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A sampling of reactions to the Janus decision

This article was originally published in The Notebook. In August 2020, The Notebook became Chalkbeat Philadelphia.

The U.S. Supreme Court decided Wednesday in favor of the plaintiff in Janus v. AFSCME, overturning the 1977 decision in Abood v. Detroit Board of Education and ending compulsory union dues for public employees.

The reactions to the 5-4 decision have been widespread, immediate, and largely predictable. Unions vowed to continue defending working people and lobbying for their rights, while conservative groups called the ruling a victory for free speech.

Philadelphia Federation of Teachers president Jerry Jordan called it “a stunning and egregious attack on America’s labor movement.”

Jordan said that many improvements in city schools are due to union negotiations. “Class size; lead-free drinking water; and a minimum of one counselor and nurse at every school are among the provisions achieved through collective bargaining. The PFT will not allow the Court’s ruling to undermine the many improvements to teaching and learning conditions we have achieved through contract negotiations.”

Dolores McCracken, president of the Pennsylvania State of Education Association (PSEA), said she was unhappy, though not surprised, with the ruling and vowed that her union would continue pushing for change.

“If the goal of the people who funded this lawsuit is to silence us, I can tell you that it’s not going to happen. … Together, PSEA members speak out for the kinds of policies that our public school students need to get the education they are entitled to and for the salaries, benefits, working conditions, and respect that every public school employee deserves. That is what PSEA has always done, and that is what PSEA and its members will continue to do – regardless of the Supreme Court’s decision,” said McCracken.

Liberal policy groups decried the ruling. A joint statement issued by Stephen Herzenberg of the Keystone Research Center and Marc Stier of the Pennsylvania Budget and Policy Center voiced frustration with the appointment process of Supreme Court Justice Neil Gorsuch.

President Trump named Gorsuch after the Republican Senate had refused for a year to hold hearings and vote on President Barack Obama’s nominee, Merrick Garland. Herzenberg and Stier cited the “abuse of power” as the catalyst for what they declared to be “another step to rig our economy and politics against working families and further diminish the collective rights of working people.”

Leaders and members of the American Federation of Teachers, AFSCME, National Education Association, and Service Employees International Union categorized the decision as “nothing more than a blatant political attack to further rig our economy and democracy against everyday Americans in favor of the wealthy and powerful.”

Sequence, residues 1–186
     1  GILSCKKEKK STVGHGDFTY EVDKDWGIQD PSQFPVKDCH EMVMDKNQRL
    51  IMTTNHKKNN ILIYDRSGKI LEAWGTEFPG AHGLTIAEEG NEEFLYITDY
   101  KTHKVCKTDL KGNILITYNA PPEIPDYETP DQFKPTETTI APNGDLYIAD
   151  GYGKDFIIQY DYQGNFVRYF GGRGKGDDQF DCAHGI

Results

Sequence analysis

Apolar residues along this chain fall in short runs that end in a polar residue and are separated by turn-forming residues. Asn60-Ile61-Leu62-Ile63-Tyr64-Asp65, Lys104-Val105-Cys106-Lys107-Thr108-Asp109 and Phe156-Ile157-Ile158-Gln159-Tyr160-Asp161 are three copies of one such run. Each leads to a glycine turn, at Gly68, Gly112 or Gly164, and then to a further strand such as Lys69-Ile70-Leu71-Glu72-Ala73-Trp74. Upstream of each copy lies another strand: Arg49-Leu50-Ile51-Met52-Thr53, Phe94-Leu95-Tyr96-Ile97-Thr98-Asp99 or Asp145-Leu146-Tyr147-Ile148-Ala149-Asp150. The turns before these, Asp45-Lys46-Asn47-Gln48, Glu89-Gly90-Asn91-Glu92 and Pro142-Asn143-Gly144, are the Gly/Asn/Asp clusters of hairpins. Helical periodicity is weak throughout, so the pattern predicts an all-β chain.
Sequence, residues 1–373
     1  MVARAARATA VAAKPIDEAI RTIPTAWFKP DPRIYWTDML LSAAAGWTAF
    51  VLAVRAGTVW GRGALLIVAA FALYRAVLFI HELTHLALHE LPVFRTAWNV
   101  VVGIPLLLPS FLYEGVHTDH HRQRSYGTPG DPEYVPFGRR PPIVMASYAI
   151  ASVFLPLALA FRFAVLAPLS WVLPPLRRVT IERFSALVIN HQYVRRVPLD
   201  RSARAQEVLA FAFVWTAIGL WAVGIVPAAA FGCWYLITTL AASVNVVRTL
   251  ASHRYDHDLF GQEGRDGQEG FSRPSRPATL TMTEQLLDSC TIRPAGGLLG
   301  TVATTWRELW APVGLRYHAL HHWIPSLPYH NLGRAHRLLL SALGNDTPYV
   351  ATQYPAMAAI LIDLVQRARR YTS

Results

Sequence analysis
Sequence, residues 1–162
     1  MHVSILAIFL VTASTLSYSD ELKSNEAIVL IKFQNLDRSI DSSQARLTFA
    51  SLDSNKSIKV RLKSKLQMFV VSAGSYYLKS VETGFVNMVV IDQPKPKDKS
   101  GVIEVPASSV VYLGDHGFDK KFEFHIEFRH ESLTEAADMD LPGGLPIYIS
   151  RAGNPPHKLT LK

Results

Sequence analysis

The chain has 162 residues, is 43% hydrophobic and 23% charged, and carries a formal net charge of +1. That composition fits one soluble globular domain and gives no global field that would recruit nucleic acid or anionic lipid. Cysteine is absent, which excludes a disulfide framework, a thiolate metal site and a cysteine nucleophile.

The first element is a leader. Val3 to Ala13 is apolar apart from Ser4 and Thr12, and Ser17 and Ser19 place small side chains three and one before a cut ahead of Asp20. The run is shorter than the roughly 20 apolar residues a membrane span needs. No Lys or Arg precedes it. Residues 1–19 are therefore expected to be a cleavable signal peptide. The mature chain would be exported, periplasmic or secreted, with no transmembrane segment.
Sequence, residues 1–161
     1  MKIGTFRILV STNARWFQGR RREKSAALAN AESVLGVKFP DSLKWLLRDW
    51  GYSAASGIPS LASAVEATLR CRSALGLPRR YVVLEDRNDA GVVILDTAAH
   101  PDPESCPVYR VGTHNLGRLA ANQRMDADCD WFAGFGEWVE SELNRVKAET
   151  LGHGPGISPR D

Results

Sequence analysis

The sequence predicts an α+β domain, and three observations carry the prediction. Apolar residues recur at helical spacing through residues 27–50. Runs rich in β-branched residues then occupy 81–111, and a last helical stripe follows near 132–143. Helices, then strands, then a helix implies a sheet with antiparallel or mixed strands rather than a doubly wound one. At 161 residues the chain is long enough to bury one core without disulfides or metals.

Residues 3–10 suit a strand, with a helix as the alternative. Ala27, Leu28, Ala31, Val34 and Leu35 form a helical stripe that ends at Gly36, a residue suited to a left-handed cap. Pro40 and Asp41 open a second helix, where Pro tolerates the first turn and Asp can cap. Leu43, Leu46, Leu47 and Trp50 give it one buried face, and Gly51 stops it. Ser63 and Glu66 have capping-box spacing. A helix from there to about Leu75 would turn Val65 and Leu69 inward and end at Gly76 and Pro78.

They also insisted they “will remain a strong and vibrant force for working people and will continue fighting to sustain … families, improve … workplaces and to make … communities stronger regardless of the court’s ruling.”

Philadelphia’s Mayor Kenney expressed firm opposition to the ruling. He was one of nearly two dozen to sign the “Mayors Stand with Working Families” pledge that mentioned ways for cities to protect the rights of municipal labor unions in the wake of the case.

Kenney also released a statement calling the decision an “unfortunate result of an ideological attack on public employee unions, wrapped in the guise of constitutional law … [that] is certain to impact working people who struggle each and every day to move into the middle class.”

Taking an intermediary stance, the National Council on Teacher Quality acknowledged the financial implications that the decision will have on unions. The group, which has worked to impose more accountability on teachers for student outcomes, said it also recognized this as a moment for “union leaders to hit the reset button and show its members and the public that the number one priority is putting effective teachers in the best position to provide students with a quality education.”

Overall, the council concluded: “While this decision will require unions to obtain affirmative consent from teachers prior to collecting funds, in our view it does not hearken the demise of teachers unions. … We encourage union leaders to use this moment to breathe new life into the teaching profession, which will ensure that teachers will be even more engaged in the future.”

By contrast, the conservative, Harrisburg-based Commonwealth Foundation celebrated what it considered “a pathway for more than 330,000 government workers in Pennsylvania to regain their First Amendment rights of free speech and free association,” citing “a 2015 nationwide survey of union members [in which] 76 percent agreed that employees should have the right to decide, without force or penalty, whether to join or leave a labor union.”

The Center for Education Reform, an advocate of charter schools, also endorsed the court’s ruling, writing that “this is good news for the nation, for thousands of educators who have long been exploited by the teachers’ unions, and for families whose educational opportunities have been compromised by their political activity.”

The center’s statement said that unions have stood in the way of moving schools forward. “Education in America is in the midst of a major transformation, which is struggling to realize its full potential in the face of limiting contractual and oppositional forces. From apathy to lack of knowledge to deliberate impediments created by unions, these obstacles have kept education from advancing into the 21st century.”

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